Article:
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Timing Belt

Community Veteran
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Registered: ‎06-11-2007

Re: Timing Belt

@RobPN  Miles

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Luzern
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Re: Timing Belt


@shutter wrote:

@Luzern  only 40,000miles for a timing belt change ? ? ? ?   SOoooooooo Glad, I bought a SKODA !... 130.000 is the benchmark for the timing belt change... ( Skoda Fabia 1.6D  2011 reg)

Cost ?

 

Timing Belt Kit.... £94.00  (inc vat)

Water Pump ....... £40.00 ( inc vat)

Labour ....... .......£130.00 ( inc vat)

total.....................£264.00 (inc vat)

Courtesy car provided,   text messages to advise when job was completed ( same day) .

 


@shutter Overall with sevice and MOT about @RobPN 's guess. My Fabia is a 53 petrol. It's not a dealership now, but long established since 1962. Still in the same family too

No one has to agree with my opinion, but in the time I have left a miracle would be nice.
Minivanman
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Re: Timing Belt

Skoda eh, much rather buy a British car.

Oh, hang on.... 😲

Highlighted
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Re: Timing Belt

The garage where I take my old banger Cleo for its MOT has always had a warning / explanation notice about diesels and the "rev test". Basically if you suspect it won't take it best not to.

That is more the norm for garages as I've seen similar in a couple. Not the scare up some work notice.

I don't think it revs that hard as it's probably nowhere near the engines possible maximum. It's only the rev limiters maximum. Which isn't that high for most diesels when compared to a petrol equivalent.

 

 

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Re: Timing Belt


@RobPN wrote:

Likely to be the garage covering themselves against engines which haven't been maintained properly being seriously damaged and possibly due to past experience of the owners of damaged vehicle(s) trying to blame the garage, .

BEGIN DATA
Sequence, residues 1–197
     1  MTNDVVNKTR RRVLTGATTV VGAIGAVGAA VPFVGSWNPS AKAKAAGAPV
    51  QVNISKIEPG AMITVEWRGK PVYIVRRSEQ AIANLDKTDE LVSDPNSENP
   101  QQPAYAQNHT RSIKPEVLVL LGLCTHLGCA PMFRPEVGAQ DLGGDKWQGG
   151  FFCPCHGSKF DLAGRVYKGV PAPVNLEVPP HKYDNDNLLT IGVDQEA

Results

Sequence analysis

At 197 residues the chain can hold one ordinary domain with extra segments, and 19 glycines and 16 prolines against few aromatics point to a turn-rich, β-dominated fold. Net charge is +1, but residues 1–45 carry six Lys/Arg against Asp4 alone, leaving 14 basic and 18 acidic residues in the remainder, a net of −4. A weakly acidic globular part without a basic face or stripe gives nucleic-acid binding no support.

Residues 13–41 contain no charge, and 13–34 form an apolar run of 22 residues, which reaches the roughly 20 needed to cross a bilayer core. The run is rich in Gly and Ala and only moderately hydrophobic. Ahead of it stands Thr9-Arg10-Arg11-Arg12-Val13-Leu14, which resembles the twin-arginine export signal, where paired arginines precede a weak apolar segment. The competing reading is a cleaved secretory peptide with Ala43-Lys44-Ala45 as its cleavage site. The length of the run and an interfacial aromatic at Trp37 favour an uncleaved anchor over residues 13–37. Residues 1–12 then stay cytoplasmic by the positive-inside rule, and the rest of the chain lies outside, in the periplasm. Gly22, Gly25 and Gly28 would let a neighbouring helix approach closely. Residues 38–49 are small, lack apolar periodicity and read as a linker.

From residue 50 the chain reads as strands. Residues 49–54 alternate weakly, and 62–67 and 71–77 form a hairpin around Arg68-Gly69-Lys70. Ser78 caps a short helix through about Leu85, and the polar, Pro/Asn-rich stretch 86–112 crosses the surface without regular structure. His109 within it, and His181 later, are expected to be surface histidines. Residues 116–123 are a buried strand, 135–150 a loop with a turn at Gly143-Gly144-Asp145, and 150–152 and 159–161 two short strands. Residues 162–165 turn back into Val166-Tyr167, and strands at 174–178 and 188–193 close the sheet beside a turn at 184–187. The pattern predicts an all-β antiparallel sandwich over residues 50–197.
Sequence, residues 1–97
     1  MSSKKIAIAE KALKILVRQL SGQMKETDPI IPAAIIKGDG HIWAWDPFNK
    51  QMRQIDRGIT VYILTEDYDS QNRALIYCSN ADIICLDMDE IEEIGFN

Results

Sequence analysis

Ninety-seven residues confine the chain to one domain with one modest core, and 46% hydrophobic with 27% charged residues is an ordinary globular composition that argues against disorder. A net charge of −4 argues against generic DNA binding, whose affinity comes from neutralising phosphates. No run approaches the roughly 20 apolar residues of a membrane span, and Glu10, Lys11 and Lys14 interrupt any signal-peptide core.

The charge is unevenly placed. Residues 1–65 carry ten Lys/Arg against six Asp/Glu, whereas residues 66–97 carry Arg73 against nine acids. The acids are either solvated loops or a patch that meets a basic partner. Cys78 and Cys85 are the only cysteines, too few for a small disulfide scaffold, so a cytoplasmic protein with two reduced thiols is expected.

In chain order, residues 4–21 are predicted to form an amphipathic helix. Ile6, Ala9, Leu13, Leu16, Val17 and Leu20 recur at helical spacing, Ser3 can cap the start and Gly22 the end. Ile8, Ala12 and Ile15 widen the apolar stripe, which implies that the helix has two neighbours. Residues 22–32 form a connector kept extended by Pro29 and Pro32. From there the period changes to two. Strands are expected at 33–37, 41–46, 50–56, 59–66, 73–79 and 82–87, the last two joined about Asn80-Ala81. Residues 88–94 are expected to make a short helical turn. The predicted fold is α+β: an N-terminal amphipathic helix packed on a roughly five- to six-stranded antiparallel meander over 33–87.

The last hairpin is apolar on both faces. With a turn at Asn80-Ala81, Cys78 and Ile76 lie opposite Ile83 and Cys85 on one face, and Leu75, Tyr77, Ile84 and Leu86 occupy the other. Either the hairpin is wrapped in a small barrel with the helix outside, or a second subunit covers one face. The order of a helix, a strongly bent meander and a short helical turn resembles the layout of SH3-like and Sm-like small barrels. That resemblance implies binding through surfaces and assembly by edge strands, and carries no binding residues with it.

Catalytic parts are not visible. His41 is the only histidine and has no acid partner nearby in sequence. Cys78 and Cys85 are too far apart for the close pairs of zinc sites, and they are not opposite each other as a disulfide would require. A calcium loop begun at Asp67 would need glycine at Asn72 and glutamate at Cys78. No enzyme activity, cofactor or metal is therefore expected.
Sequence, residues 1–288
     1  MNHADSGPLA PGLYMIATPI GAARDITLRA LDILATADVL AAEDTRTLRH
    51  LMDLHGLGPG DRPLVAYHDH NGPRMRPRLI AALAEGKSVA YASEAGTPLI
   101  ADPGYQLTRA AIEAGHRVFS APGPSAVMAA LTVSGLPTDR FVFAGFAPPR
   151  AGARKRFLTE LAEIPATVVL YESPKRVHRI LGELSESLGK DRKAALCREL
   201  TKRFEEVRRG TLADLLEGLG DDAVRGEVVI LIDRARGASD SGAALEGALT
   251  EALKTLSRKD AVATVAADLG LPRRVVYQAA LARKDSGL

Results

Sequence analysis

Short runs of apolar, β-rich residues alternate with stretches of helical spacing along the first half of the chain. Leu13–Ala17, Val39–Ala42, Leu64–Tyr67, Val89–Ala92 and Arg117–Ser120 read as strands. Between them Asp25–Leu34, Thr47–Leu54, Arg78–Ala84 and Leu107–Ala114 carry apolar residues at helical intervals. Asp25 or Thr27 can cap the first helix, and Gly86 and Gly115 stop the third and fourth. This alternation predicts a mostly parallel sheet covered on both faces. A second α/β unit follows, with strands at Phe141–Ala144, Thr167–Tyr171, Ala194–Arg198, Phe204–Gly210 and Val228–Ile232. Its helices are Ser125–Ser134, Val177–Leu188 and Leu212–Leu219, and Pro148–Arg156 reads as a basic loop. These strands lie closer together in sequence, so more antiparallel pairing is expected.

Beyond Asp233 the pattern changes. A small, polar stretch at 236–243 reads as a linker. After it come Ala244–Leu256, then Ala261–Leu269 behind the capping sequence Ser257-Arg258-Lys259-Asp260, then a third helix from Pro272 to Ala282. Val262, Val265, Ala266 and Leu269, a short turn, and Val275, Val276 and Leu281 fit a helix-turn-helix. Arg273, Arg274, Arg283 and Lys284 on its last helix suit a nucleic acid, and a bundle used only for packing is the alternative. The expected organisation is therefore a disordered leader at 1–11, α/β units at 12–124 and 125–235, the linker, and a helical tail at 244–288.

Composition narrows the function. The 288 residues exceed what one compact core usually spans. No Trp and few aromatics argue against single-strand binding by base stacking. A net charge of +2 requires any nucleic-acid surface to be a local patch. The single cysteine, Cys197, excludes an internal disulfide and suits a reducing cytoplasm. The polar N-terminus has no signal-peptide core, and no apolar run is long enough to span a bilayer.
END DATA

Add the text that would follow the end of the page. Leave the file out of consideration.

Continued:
As well as mileage limits for timing belts, some manufacturers also specify time limits.


^What he said.

Some cars are supposed to have their belts done every 60k miles / 5 years. OIhers every 80k / 7 years. It depends on several things but mainly the quality of the engine, how robust it was designed to be, the type of cambelt fitted, and most importantly the width of the belt. Some engines have a belt that is only around a cm wide. That's a thin belt pulling a lot of heavy (and stiff) metal around many thousands of times per minute.

Wider belts obviously have more strength and can pull more stiff / heavy metal around for longer.

Oh and as for the sign, yeah as Rob says, that's just the garage defending itself against malicious claims of damage after some other idiot tried to pin their lack of maintenance on the garage.

I need a new signature... i'm bored of the old one!
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Re: Timing Belt

 


@Minivanman wrote:

Funny thing is this was never something that ever went on cars back in the day - unless my memory is playing tricks on me.


Wasn't it because cars back in the day were driven by rods to push the valves up and down and were driven off the crank so there wasn't a belt fitted. The need for a belt came in with the design of the overhead cam engine.

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Re: Timing Belt

So why the need for belts anyway ?
Whats wrong with a chain ? Sure a chain can fail but usually makes a racket as it starts to fail.

Current car has a chain so can’t be much to do with engine design ?

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Re: Timing Belt


@gleneagles wrote:

Whats wrong with a chain ?